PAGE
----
As with 7 July last year, I remember exactly where I was, what I was doing and how I felt, as a British Muslim, when I heard the news. On this occasion it was Thursday 10 August, just past 7am, when the calm, emotionless voice on the radio explained how the security forces had foiled a plan by British Muslims to blow up transatlantic flights.
The newsreader's words had an immediate and sobering impact. At first I willed the news to go away. "Please, God, don't let it be true," I muttered as I lay in bed listening.
I felt shame, bewilderment and anger at a very real hijacking of an entire people and faith by yet another group of nihilistic young men acting in its name. Then I began to imagine, with considerable dread, what the media reaction would be - frantic coverage of the lives of the accused, their neighbourhoods and families and the mosques in the area. A week or so later, the pages of newsprint and hours of footage and live coverage would all but disappear.
That, I suspect, was how most British Muslims reacted to the news. Many of us shared in the national shock and incomprehension that this could have happened, and the realisation that we are still far from finding an answer to the extremism swaying small, but increasing numbers of our young people.
Several hours later I heard words on the radio, again out of the blue, that shocked me. President George W Bush had walked down the steps from Air Force One to give his first public comments on the discovery of the plot.
In a soundbite that was to be replayed across the world, on the dozens of popular Arabic satellite channels that simultaneously were providing live footage of the bombardment of Lebanon, Bush spoke of Britain and the US fighting a "war against Islamic fascists".
I'd only ever read that phrase used by a small and predictable list of columnists who share an unyielding belief that it is impossible to be western and Muslim. But outside this absolutist-minded circle of neoconservatives and left-wing intellectuals, I had never heard it spoken by a prominent western politician.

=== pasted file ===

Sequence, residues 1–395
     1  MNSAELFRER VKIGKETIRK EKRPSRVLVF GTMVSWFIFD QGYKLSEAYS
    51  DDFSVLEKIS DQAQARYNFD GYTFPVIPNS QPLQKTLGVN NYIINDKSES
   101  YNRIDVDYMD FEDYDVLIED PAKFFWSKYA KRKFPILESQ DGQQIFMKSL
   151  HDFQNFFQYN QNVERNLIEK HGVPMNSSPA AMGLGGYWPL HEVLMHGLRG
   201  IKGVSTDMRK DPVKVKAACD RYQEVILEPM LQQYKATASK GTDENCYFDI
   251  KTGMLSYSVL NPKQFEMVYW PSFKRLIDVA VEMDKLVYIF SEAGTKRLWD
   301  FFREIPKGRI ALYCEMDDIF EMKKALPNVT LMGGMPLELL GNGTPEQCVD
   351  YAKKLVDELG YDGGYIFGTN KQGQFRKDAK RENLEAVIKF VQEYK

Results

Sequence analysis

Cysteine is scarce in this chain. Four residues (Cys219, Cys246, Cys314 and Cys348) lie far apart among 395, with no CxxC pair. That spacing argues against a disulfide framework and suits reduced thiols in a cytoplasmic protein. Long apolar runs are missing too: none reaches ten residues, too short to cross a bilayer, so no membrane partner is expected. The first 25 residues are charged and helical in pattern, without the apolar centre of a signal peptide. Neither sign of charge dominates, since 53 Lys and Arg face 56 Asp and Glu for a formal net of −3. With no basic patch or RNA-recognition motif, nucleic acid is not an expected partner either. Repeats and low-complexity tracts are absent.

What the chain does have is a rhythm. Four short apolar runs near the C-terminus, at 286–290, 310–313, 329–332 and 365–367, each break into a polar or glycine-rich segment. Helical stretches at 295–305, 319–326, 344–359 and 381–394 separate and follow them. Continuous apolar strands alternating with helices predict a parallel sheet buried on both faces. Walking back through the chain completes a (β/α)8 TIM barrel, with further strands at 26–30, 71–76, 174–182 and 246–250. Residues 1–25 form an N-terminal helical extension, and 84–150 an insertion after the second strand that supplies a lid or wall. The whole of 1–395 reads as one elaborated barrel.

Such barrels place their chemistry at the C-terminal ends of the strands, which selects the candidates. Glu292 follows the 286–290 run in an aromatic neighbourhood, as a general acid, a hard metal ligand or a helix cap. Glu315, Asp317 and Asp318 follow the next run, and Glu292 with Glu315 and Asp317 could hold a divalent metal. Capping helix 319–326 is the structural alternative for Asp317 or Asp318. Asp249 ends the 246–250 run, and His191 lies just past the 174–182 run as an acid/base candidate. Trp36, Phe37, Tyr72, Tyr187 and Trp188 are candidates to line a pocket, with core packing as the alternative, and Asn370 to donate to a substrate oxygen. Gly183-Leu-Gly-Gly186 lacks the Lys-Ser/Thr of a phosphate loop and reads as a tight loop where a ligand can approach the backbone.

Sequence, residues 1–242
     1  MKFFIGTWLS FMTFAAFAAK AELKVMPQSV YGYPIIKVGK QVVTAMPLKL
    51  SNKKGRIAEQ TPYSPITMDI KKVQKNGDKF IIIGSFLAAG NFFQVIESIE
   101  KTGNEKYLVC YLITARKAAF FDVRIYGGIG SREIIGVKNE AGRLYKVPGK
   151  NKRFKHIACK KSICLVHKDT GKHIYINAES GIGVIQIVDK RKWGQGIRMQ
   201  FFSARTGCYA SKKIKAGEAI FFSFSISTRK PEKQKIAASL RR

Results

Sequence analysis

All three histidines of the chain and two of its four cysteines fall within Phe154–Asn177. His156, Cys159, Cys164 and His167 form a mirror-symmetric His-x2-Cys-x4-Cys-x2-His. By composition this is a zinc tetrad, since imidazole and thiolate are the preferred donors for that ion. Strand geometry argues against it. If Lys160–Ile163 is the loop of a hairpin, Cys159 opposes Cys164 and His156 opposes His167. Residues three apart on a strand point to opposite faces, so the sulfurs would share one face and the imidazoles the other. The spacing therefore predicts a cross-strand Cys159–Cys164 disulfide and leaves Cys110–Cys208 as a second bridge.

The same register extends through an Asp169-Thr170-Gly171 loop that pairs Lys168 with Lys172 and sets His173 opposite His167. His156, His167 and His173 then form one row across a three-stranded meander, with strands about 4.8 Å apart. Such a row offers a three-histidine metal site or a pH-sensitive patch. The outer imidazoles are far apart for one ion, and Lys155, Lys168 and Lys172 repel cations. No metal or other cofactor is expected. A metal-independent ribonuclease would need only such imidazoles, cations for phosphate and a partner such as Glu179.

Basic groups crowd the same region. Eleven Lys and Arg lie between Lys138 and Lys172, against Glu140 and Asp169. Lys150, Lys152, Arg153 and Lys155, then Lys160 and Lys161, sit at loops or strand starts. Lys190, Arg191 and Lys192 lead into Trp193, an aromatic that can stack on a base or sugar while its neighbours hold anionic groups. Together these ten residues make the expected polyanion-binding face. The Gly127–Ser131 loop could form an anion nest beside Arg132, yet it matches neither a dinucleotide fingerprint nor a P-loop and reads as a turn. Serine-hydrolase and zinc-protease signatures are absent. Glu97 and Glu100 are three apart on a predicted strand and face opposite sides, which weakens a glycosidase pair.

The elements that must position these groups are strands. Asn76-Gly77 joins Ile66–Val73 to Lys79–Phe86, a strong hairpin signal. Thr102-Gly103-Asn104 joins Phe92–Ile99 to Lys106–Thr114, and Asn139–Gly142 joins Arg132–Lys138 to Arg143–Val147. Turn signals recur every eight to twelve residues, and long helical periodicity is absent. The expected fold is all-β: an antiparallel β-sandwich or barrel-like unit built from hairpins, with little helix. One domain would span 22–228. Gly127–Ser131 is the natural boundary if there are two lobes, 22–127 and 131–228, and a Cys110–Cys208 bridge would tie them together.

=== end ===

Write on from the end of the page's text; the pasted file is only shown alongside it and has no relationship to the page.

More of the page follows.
I am no longer sure if Bush's successor, Democrat or Republican, would use different rhetoric about Muslims.
What is Bush's point? Does he believe that it is Islam which is fascist, and not simply the in dividuals who wanted to blow up thousands of people, including fellow Muslims?
I'm not sure that Bush's remark was unthinking. Remember the immediate aftermath of the 11 September 2001 attacks, when he described the war on terror as a "crusade". Yet, even though the outrage was fresh in the mind, those days seemed different. There appeared hope, even amid the bloodshed. The world with its different faiths and identities stood far more united back then, more optimistic about a common desire to overcome the forces behind such horror.
With each crisis since then - Iraq, Madrid, the London bombings, Afghanistan, the Danish cartoons of the Prophet, and now Lebanon - we grow more afraid of each other, feel more threatened by each other.
I have a profound and growing sense of pessimism. At this stage, I feel there is less of a future for people like myself, western Muslims who see no contradiction in such an identity. We can try to reassure ourselves that much of this is just down to a shared belief by Bush and Blair of a black-and-white global struggle between "good and evil", and that somehow when they leave office so will this vision, which they have sometimes expressed in pseudo-Messianic terms.
I am no longer sure. There has been too much damage, over too long a time, in too many places around the world, to ascribe this just to the beliefs and policies of two western politicians.
On 12 August, a number of Muslim politicians and figures published an open letter, essentially arguing that British foreign policy in Iraq, and the government's position over Lebanon, is fuelling the extremism and violence behind those British Muslims who want to attack the UK. The Home Secretary, John Reid, described the letter as a "dreadful misjudgement", arguing that no British government could allow men of violence to hold its policies to ransom.
How much longer will ministers deny that foreign policy is a factor in the motives of the bombers? It is quite clearly acting as a recruiting sergeant for extremist Islamist groups. Whether one gives in to such blackmail and changes one's policy is another question - but saying that what is being done in Britain's name in places such as Iraq and Lebanon does not motivate the bombers is a dereliction of public duty.